rip robert delford brown
A colleague of artists like Jim Dine, Claes Oldenburg and Nam June Paik, Mr. Brown was a central figure in the anarchic New York art scene of the early 1960s, a participant in — and instigator of — events-as-art known as “happenings.” He saw the potential for aesthetic pronouncement in virtually everything. His métier was willful preposterousness, and his work contained both anger and insouciance.

His raw materials included buildings, pornographic photos and even meat carcasses. He often performed in the persona of a religious leader, but dressed in a clown suit with a red nose and antennas hung with ripe bananas. In the end his message to the world was that both spirited individualism and unimpeded creativity must triumph.
hat tip t moody
- bill 4-06-2009 1:15 pm

- bill 4-06-2009 4:26 pm [add a comment]

According to an interview with Brown in the Re:Search "Pranks" book, Hermann Nitsch was inspired by Brown's meat performance. I've had no success so far determining whether Brown's work preceded or followed Carolee Schneeman's Meat Joy. Most accounts make the two contemporaneous, e.g.:

The relationship between carnage and carnality is explored in some of the earliest recorded art using meat. Carol Schneeman’s 1964 performance Meat Joy – shown first in Paris and then again in New York City – was a Dionysian piece in which eight partially nude figures danced and played in raw fish and chicken, sausage, paint, and paper. It was meant to celebrate flesh as a material.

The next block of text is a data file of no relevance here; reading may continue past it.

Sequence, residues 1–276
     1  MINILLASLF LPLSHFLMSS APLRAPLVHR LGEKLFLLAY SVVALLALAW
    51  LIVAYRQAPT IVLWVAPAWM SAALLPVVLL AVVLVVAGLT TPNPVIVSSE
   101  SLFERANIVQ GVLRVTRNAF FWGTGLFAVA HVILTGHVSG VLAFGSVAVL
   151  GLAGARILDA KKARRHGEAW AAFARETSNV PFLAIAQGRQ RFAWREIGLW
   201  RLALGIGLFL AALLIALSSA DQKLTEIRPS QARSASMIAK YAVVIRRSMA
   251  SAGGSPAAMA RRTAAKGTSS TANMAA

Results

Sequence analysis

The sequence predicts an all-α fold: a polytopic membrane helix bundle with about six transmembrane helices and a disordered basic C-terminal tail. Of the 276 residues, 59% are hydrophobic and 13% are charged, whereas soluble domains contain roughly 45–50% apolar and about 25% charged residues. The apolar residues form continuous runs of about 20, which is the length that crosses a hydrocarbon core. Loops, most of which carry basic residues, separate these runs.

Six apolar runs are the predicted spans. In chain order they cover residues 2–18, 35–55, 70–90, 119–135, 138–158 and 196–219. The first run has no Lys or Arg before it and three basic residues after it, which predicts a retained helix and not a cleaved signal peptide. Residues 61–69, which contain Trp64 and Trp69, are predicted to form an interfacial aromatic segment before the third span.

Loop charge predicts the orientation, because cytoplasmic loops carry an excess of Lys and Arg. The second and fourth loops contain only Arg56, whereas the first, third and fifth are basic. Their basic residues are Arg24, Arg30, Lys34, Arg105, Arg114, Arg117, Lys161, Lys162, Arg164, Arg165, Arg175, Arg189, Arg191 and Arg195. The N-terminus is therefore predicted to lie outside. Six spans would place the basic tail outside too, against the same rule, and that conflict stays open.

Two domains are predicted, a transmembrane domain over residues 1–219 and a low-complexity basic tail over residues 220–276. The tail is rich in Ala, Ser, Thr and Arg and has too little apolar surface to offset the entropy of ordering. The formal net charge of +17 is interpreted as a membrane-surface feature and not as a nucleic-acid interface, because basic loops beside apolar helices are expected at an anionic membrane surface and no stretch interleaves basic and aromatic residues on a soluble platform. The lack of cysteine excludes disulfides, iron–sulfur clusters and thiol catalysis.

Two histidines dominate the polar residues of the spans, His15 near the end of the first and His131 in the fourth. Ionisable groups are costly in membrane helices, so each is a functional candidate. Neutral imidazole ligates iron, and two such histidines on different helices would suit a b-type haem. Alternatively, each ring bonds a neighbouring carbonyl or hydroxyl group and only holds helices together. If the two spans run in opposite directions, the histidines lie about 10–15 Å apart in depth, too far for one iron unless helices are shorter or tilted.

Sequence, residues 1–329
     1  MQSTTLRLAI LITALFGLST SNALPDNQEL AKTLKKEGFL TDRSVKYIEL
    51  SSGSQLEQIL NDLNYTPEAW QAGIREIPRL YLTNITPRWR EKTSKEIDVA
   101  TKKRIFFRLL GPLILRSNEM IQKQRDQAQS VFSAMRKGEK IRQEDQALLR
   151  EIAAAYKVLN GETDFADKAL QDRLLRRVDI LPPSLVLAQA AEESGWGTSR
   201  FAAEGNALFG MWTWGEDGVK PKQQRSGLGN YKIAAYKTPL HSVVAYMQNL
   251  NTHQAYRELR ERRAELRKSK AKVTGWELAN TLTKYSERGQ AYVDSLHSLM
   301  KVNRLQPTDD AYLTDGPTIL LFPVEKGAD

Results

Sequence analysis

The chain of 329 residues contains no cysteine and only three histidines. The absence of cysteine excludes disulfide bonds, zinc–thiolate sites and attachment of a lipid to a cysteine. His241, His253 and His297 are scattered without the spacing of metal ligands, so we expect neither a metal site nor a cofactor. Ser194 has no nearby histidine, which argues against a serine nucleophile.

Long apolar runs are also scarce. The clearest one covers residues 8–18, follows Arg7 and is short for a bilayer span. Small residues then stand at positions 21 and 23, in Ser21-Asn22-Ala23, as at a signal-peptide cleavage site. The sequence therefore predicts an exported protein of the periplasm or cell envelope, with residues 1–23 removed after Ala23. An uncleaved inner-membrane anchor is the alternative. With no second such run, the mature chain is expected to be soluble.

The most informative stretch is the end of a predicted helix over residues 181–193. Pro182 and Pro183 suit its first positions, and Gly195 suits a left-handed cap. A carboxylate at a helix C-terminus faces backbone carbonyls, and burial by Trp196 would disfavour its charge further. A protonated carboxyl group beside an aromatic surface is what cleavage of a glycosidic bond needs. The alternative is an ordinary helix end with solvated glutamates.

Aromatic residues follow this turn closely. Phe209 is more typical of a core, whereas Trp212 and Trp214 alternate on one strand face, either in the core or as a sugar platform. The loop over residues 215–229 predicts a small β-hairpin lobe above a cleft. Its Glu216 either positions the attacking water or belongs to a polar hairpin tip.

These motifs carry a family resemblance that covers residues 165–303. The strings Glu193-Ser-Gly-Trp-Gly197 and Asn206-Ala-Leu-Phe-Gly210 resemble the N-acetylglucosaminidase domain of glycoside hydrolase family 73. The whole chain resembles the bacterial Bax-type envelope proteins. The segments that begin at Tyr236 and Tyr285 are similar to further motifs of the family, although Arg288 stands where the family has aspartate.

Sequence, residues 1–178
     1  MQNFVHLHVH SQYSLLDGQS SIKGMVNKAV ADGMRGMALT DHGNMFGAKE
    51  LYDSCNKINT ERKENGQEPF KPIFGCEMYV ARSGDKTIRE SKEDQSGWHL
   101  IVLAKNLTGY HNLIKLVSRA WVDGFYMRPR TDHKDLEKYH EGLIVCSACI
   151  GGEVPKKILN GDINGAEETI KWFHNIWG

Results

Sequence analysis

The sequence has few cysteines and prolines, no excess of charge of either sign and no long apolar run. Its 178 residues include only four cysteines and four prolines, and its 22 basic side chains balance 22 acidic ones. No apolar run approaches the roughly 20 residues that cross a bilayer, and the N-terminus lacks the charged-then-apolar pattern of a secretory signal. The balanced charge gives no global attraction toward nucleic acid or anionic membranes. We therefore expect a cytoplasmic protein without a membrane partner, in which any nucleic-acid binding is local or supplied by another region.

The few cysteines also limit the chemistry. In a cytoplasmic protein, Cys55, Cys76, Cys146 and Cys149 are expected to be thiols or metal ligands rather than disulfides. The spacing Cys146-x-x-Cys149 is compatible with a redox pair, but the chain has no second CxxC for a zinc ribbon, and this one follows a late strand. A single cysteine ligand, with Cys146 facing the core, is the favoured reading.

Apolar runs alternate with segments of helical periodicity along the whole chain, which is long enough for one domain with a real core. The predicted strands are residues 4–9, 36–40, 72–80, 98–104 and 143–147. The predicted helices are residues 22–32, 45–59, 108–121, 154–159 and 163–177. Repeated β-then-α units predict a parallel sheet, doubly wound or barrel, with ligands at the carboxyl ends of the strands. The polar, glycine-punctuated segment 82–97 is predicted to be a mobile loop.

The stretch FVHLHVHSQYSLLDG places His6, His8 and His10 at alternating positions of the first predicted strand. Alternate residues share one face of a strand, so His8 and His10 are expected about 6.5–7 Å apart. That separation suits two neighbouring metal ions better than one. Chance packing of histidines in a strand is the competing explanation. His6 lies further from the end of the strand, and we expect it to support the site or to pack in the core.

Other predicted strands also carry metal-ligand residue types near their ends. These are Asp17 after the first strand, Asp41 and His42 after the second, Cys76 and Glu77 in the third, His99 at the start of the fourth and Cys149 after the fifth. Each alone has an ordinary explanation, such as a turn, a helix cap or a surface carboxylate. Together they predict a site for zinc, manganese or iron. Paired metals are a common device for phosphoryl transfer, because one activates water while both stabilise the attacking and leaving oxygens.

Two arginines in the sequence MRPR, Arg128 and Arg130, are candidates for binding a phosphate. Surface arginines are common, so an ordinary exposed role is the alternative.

The same year, American performance artist Robert Delford Brown’s Meat Show also used meat to invoke sexuality. In the Washington Meat Market, he created brothel-like rooms out of tons of blood and raw meat strewn with yards and yards of sheer fabric suggestive of lingerie. Visitors walked through the decorated meat locker in white coats and were then fed sausages. Brown, notorious for invoking shock and scandal in his avant-garde art, located the viewers’ own consumption of meat while meat surrounded them. The show only lasted three days.

- tom moody 4-06-2009 4:54 pm [add a comment]

thats very interesting. paul thek was "doing" meat as well in the "mid" 60's. oldenburg too. but were talking about real meat. 1964, the year meat was in the air.
- bill 4-06-2009 5:11 pm [add a comment]

and theres francis bacons 1952 figure with meat whole thing. and van gogh. but theyre more to do with game still life (nature morte) painting. go fish!
- bill 4-06-2009 5:30 pm [add a comment]

I think of Chaim Soutine as the "meat man."

Double Happiness entered the field this year with Party Tray.
- tom moody 4-06-2009 7:49 pm [add a comment]

thanks tom.

The subject of meat and food had long played a part in Soutine's work, often hearkening back to Old Master prototypes and predecessors. Soutine's knowledge of the Old Masters was profound as well as reverential. During his earlier, poor years in Paris, he had spent days in the Louvre and painted after the pictures he saw there. Sometimes he was there partly in order to stay warm, partly because he could not afford models or props for his pictures. He therefore resorted to the art of others, creating brooding reimaginings of Old Master works. Soutine must have come to know Rembrandt's famous 1655 painting of The Slaughtered Ox. The similarity in theme and in composition between Le boeuf écorché and its Rembrandt predecessor is unmistakable. Even Soutine's painterly manner appears to pay homage to Rembrandt.
ive had the opportunity to visit the barns collection. soutine's was some of my favorite work there, unfortunately i dont think there were any meat paintings.
- bill 4-06-2009 9:02 pm [add a comment]

Possible too gory for the good doctor. I have never been to that collection. As I recall it was having troubles for a time--I don't know what the status is.
- tom moody 4-07-2009 2:06 am [add a comment]

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